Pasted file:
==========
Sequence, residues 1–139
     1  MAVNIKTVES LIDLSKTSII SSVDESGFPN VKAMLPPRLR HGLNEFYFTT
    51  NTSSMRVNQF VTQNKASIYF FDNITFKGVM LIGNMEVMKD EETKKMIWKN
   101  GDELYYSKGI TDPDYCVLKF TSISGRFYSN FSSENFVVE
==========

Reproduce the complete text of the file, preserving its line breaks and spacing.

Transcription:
Sequence, residues 1–139
     1  MAVNIKTVES LIDLSKTSII SSVDESGFPN VKAMLPPRLR HGLNEFYFTT
    51  NTSSMRVNQF VTQNKASIYF FDNITFKGVM LIGNMEVMKD EETKKMIWKN
   101  GDELYYSKGI TDPDYCVLKF TSISGRFYSN FSSENFVVE